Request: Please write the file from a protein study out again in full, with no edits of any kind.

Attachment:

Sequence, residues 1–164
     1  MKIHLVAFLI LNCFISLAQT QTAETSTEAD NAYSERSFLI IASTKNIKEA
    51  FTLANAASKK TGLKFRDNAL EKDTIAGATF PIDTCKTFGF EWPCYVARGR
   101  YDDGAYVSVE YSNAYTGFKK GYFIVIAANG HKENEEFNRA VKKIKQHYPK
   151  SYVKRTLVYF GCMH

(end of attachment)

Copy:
Sequence, residues 1–164
     1  MKIHLVAFLI LNCFISLAQT QTAETSTEAD NAYSERSFLI IASTKNIKEA
    51  FTLANAASKK TGLKFRDNAL EKDTIAGATF PIDTCKTFGF EWPCYVARGR
   101  YDDGAYVSVE YSNAYTGFKK GYFIVIAANG HKENEEFNRA VKKIKQHYPK
   151  SYVKRTLVYF GCMH